Mayor-elect Brandon Johnson takes office on May 15. From budgets to education to public safety, his platter overflows with challenges and opportunities. Environmental progress is a key unifying issue.
Polling consistently shows that Chicagoans across all communities strongly support building a sustainable, greener city that’s good for our environment and economy. Here are seven high-priority environmental actions for the mayor-elect and new City Council that are must-do’s. .
1. Hold off a public transit crisis: Chicagoans across the city rely on dependable, safe and affordable public transit to get to jobs, medical and social services, schools, family and fun. The CTA’s finances simply don’t work anymore, and a financial cliff looms as federal COVID-19 emergency funds run out in 2025. The problems are well-known: unreliable schedules, safety and smoking concerns, and a struggle to hire train operators.
The CTA’s outdated business model is built on commuters going to the Loop five days a week. That doesn’t reflect today’s new hybrid workplaces and a downtown that now spreads from State Street to the Fulton Street area. Farebox revenues are suffering, and the unwieldy RTA-CTA-Metra-Pace governance system should be reformed.
[ Editorial: R.I.P., Metra’s commuter rail. Long live regional rail! ]
What’s needed to restore commuter confidence? Johnson should visibly lead by showing he cares. Work with the CTA’s leadership to create reliable schedules and better safety measures. Ask Gov. J.B. Pritzker and the legislature to provide more state funding for the CTA and Metra while working on creative new funding strategies. Get ahead of the crisis. Chicago can’t aspire to be a green city without a public transit system that works well.
2. Reinstate the city’s Department of the Environment: Johnson pledged to reinstate the Chicago Department of the Environment, which was closed more than a decade ago. If you do, then do it right — staff it with a top-notch team the mayor can rely on and don’t fund it with vested interest corporate money. An understaffed, underfunded department that checks off a campaign promise isn’t moving forward.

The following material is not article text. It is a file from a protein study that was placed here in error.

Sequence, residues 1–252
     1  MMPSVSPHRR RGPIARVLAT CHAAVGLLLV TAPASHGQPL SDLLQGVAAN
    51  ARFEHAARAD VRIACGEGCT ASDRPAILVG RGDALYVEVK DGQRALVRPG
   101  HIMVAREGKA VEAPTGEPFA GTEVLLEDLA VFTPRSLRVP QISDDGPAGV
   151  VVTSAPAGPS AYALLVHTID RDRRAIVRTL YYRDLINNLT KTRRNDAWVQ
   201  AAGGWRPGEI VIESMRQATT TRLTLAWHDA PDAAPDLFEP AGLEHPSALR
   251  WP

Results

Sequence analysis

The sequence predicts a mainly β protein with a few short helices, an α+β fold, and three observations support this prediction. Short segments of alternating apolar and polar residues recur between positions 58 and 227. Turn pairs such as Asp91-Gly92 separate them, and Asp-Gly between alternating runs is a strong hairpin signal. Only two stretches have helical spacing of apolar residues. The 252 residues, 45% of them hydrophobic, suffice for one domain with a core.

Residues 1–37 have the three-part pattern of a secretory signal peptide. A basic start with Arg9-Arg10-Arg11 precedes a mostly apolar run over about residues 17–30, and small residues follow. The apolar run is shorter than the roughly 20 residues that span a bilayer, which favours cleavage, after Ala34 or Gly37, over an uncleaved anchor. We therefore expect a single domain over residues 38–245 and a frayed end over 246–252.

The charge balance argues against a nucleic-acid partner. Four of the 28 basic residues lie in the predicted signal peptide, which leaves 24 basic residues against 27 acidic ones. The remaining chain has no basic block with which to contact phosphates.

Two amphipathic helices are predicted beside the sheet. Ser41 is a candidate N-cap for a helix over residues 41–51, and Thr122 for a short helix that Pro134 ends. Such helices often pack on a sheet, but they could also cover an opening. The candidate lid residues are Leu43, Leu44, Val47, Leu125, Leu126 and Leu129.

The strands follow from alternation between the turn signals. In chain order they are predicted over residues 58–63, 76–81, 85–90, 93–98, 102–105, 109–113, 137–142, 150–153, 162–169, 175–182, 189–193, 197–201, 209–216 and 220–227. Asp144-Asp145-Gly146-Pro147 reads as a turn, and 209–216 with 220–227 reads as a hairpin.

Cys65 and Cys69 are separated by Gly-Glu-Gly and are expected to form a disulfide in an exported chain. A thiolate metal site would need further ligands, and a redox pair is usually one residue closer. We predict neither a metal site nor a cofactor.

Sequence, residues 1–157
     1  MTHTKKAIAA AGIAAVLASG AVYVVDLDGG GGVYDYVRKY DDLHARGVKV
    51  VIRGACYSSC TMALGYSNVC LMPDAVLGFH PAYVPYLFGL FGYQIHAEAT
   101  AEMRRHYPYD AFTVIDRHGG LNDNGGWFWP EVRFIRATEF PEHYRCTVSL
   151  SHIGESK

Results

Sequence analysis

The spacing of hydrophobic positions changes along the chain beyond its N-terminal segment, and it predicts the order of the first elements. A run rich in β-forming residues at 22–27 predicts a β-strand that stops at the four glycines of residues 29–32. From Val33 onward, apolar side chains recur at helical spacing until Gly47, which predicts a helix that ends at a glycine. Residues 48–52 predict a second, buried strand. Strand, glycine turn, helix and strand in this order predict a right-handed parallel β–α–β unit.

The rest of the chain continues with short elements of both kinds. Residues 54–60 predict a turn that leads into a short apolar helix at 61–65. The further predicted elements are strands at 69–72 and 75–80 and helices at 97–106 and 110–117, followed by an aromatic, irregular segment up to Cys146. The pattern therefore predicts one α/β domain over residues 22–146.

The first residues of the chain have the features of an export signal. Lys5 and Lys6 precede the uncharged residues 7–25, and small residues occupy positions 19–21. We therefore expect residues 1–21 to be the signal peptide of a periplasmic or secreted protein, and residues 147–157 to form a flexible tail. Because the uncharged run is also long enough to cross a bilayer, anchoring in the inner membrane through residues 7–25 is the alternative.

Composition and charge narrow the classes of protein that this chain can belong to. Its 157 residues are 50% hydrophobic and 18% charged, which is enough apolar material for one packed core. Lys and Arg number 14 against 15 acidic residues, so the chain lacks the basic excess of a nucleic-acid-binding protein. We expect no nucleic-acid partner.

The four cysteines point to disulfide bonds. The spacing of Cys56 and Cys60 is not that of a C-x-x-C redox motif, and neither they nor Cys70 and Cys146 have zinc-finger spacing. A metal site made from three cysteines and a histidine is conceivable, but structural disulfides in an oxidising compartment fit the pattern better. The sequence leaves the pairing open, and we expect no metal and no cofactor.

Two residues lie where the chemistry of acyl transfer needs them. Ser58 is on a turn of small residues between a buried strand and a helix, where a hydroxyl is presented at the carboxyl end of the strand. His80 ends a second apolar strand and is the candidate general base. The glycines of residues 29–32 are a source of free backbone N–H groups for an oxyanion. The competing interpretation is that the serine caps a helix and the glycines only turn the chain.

3. Make Chicago’s buildings more energy-efficient: Energy efficiency is the best, fastest and least expensive climate change solution. It’s a win-win-win: Save people and businesses money on their utility bills, reduce pollution and create jobs. Federal and state incentives support making buildings more efficient and avoiding energy waste. President Joe Biden outlined how cities can apply for $27 billion in low-interest “green bank” loans to finance projects designed to reduce greenhouse pollution.
As a candidate, Johnson supported a climate justice buildings ordinance. He can start with making city-owned buildings more efficient. That’s a no-brainer while policy measures such as energy efficiency building codes take hold for all buildings.
4. Modernize Union Station: Union Station is the hub of Metra and Amtrak’s Midwest rail network, which together serve more than 120,000 daily passengers. The passenger rail system brings jobs, people and business into Chicago’s downtown. Passenger trains pollute less than cars and airplane travel. Union Station, however, is an aging, crowded building with convoluted approaching train tracks.